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"Mom, what time do we eat? How long is it to get to town?" There are so many daily moments related to the hours of the clock faced by parents who, from Guiainfantil.com, We wanted to respond to a very common need of parents: how to get children to learn the hours of the clock, and it is common to hear in the school stage that parents formulate this query and even ask us for ideas or resources to help them.
The clock hours They are complex, but even more so if they are only worked as an isolated activity and outside the real context. Therefore it is very important that let's get kids used to wearing a watch, both to be able to ask them what time it is directly and for them to indirectly associate a certain time with a certain activity (for example: at 11 a.m. the time in the courtyard or at 5 p.m. when leaving school).
Acquiring this skill will allow them to gain autonomy and confidence in themselves and will help them to be able to relate to the world in a simpler and also more independent way.
At first we always try to advise work and wear analog watches rather than digital watches, and within the digital ones, whenever possible, it is better to set the clock at 24h (marking 13h, 14h, etc.) instead of setting 12h (1h, 2h, etc.).
And now that we know how important it is that children learn the hours of the clock, We are going to see what exercises we can do with them and what material we will use for each of them. As for the material, we will only need any of the following three options, ordered from lowest to highest availability of resources:
- Circles template
On a card or sheet of paper, draw a large circle and, within it, the 12 relevant lines corresponding to the hours.
- Clocks template
You can go online and look for empty watches to print. Another option is to paint a clock on a blackboard and erase the hours as you work with the child.
- Tangible training clocks
Finally, there are specific materials, usually wood, that allow the needles to be moved.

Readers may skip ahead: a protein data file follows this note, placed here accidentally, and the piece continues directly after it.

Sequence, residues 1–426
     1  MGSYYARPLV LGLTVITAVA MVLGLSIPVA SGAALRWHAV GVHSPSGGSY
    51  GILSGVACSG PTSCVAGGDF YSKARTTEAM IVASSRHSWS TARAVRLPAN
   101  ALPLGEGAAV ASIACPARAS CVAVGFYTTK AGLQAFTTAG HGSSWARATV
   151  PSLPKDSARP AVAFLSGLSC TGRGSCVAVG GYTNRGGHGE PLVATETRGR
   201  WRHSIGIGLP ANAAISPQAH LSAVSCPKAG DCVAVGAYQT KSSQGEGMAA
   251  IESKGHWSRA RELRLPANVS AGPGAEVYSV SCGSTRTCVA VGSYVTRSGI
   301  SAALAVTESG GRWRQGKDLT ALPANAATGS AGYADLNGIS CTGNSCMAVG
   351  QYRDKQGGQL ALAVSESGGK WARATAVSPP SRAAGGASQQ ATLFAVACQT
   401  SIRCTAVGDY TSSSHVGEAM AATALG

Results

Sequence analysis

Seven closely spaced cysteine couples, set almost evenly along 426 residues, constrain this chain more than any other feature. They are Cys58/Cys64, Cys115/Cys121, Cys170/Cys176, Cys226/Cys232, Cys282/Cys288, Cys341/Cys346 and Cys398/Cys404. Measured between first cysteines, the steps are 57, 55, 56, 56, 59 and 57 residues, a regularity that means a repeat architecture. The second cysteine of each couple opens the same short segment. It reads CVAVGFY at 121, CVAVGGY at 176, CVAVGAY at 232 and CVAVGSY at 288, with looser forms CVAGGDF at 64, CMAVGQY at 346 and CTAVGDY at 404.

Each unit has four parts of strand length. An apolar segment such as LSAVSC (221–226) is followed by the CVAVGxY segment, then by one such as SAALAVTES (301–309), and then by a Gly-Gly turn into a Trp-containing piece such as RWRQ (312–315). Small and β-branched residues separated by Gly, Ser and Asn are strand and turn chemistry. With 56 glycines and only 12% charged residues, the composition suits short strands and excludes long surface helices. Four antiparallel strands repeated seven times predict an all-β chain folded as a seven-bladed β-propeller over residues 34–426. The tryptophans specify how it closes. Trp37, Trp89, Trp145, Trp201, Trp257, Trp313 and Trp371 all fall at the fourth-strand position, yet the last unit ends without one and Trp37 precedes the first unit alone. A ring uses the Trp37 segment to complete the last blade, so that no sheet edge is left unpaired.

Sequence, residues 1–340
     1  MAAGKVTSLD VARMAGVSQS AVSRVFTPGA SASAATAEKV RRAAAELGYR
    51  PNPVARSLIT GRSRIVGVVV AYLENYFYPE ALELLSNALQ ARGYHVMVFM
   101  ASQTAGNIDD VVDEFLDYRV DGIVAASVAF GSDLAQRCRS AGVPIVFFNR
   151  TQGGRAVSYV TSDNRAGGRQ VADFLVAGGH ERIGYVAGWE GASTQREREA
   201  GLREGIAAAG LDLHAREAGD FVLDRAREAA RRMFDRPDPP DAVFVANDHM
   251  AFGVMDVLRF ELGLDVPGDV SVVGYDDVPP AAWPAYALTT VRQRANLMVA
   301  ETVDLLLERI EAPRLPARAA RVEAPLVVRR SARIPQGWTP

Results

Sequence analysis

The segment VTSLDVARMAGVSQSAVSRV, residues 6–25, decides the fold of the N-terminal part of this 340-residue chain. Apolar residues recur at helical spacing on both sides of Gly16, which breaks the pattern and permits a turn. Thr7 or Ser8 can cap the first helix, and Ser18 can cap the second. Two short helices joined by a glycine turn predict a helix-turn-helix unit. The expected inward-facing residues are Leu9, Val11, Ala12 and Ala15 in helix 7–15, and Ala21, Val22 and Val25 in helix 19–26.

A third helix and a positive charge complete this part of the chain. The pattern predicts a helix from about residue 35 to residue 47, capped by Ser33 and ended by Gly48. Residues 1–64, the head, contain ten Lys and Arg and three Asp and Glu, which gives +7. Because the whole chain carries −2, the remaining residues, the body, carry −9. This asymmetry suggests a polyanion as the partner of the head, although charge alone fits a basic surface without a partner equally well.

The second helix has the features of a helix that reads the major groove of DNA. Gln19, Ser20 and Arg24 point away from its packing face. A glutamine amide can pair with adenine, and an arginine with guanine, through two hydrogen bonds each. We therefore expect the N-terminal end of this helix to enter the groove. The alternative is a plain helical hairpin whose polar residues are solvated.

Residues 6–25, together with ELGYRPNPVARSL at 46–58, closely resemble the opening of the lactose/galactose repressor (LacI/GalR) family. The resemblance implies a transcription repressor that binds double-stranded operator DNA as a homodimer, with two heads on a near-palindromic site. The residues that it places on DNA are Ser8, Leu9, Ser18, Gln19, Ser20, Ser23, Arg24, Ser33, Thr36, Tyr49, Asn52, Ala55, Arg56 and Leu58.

With a periodic training pattern, making use of the aforementioned material and alternating each of the exercises that I explain below, it will be much easier and gradually to understand and memorize the hours.
- Training the minutes 1 by 1
We can mark him a minute hand at any point in the circle and wait for him to tell us the exact minute or we can tell him a number from 1 to 60 waiting for him to find it. Initially you will count lines, but the idea will be to train until you can memorize the placement of each number in the circle.
- Training 5 minutes at a time
Before asking you to place the pointer or to tell us that you would mark the pointer that we placed on it, it is important that you know how to count from 5 to 55 of 5 in 5 with agility. Otherwise, the child will be lost and frustrated.
- Training hours from 1 to 12
Specifying well that now it is about the hours and not the minute hand, we can indicate it in the empty circle until it is able to remember the arrangement of the numbers without counting.
- Training hours from 1 to 24
The case of the hours will be very similar, but explaining that they can be said in two ways and showing them their equivalence (1 is 13h, 2 is 14h, etc.)
- Training the minutes in quarters
It will be easy to explain that as if it were a cake we can divide the clock into quarters (1, 2, 3 and 4 quarters).
- Training the minutes with the concept "less"
From minute 30, we can also count backwards with the word minus right in front (mainly these four numbers: -25, - 20, -10, -5).
- Combining the hours and minutes
Once the previous steps have been internalized, it will be time to extend the exercise to hours and minutes.
- Relating each hour to a habitual activity
Finally, taking advantage of the previous clocks, we can play to imagine what we usually do at those hours (example: 8:00 am at school, 10:00 pm to sleep). It will be super fun!
You can read more articles similar to Fun games for children to learn the clock time, in the On-site Learning category.